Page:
I thought I’d share the 2nd chapter to give you a taste of this one as the 1st chapter is very short… you’ll see what I mean should you buy the book 😉


2: Mistress of All She Surveyed


To lose one husband may be regarded as a misfortune; to lose two looked like carelessness. This was what occupied Sharon Beesley as she laid out the morning papers. The reminders on every front cover, rubbing it in her face. One week on.

Laura Percival, owner of The Stables and general village do-gooder, centre of attention, once again.

The news was all round the village, of course, the only thing most people could talk about. Not that she’d partake in tittle-tattle, naturally. But it was unsurprising others did, she supposed, given how little happened here most of the time and how small-minded the locals were. Sharon caught her reflection in the shop window, and frowned at her dark roots. She’d have to get the bottle out later, touch those up. She’d been that busy recently, what with the constant flow of reporters and TV crews through the shop, that she’d barely been able to give herself any consideration.

She wouldn’t forgive Laura for the cream cake incident either. News of that had spread remarkably quickly, and, much to her discomfort, it appeared the villagers found it entertaining, rather than the assault it clearly was. She’d even caught Eric, her husband, smirking when he first heard of it and had had to remind him of where his loyalties lay.

Sharon glanced out of the shop window to see Manda Babcock waddling into the light cast by the shop. Manda had been a staunch ally, and one who had been sympathetic when Laura had carried out the assault, so Sharon overlooked the fact she was shaped much like a cottage loaf, although with an extra round lump on the top for her head.

‘Morning, Sharon. I know you’re not properly open yet but I saw you behind the counter and I’m in desperate need of a pint of milk. Hope you don’t mind.’ Manda breathed heavily despite only living over the road. ‘Ooh, I see she’s all over the papers again. You’d think they’d have moved on by now, wouldn’t you? Shows it’s a slow news week.’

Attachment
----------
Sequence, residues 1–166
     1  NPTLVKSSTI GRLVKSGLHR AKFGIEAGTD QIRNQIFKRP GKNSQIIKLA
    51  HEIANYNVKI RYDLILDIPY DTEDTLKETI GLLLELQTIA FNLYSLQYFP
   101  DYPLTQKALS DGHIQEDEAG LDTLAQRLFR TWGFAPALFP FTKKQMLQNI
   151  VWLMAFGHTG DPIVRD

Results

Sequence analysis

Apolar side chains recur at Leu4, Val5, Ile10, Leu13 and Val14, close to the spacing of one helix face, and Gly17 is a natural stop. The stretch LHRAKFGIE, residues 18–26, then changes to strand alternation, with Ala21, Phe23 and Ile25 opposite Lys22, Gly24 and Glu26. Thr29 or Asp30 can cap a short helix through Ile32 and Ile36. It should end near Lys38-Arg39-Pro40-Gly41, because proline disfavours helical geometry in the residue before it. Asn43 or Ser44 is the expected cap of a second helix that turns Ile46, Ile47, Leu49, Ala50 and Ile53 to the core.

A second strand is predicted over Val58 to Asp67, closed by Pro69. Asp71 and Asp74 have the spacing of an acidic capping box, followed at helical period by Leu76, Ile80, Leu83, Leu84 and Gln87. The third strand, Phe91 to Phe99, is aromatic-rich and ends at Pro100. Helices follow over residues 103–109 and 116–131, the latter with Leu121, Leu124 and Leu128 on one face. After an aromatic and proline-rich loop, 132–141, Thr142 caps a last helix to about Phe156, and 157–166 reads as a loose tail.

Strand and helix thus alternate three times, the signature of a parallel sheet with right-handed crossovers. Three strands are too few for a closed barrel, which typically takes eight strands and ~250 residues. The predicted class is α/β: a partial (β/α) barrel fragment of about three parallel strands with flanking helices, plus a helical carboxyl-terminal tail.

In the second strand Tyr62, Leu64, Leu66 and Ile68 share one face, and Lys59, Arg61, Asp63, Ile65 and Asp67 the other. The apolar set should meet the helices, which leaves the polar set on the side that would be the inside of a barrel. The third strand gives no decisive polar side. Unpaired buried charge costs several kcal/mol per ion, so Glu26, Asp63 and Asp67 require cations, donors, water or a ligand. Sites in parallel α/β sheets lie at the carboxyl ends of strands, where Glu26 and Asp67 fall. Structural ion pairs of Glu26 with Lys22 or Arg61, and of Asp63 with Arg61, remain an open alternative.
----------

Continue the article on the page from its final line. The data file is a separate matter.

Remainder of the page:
‘You would, Manda. Although,’ and she dropped her voice a notch, ‘… between you and me, I believe there’s a reason they’re not letting the story drop.’

‘Really? Do tell.’ Manda, pint in hand, sidled up to the till, all ears, and Sharon loved nothing more than a captive audience.

‘I have been told on good authority, and, Manda, you mustn’t breathe a word of this…’ Sharon looked at her most seriously as Manda crossed her heart, for all the good that would do in keeping her mouth shut. ‘Well,’ and Sharon leaned closer, ‘there’s some talk that Laura wasn’t as in the dark about the murders as she’s made out.’

‘No! Surely not.’ The look of disbelief on Manda’s face was more than Sharon could have hoped for.

‘That’s what I’ve been told.’ And she held her hand up as if Manda could take or leave the information. ‘There’s even talk,’ Sharon made a point of looking round the shop, as though checking to make sure they were alone, ‘that she might have been involved.’ She finished in a whisper barely louder than mouthing the words to impress upon Manda the extreme confidentiality of this information. ‘But look, that’s strictly between us, all right?’

‘Absolutely! I won’t say a word.’

‘I know I can count on you. Now, the till’s not set up yet so have you got the right money?’ She reached out a hand. Manda was a frequent visitor because she was as disorganised as they come when it came to groceries, probably because she lived so close and felt she had on-tap access.

‘Oh, yes.’ Manda, unexpectedly agitated by such disclosures being fed to her at this time in the morning, fiddled in her purse, her pudgy fingers struggling to retrieve the coins needed. This rather tried Sharon’s patience but she managed to put on a smile for her most loyal customer. At least until she was on her way out of the door.

Sharon didn’t feel the least bit guilty about stirring up any further trouble for Laura as any rumours spread about her didn’t appear to matter, she always came out on top. That’s what irritated Sharon the most. Laura and her blessed horses held some special place in the village, and could do no wrong, despite the mess they made up Main Street. That was another thing that annoyed her. Although Eric was only too happy to scuttle out to pick up what they’d left behind for his precious roses. It wasn’t only Laura. All the horsey toffs irked her, actually. Each one rich enough to pay to have Laura keep their horses for them. It must be nice to be able to afford that sort of hobby.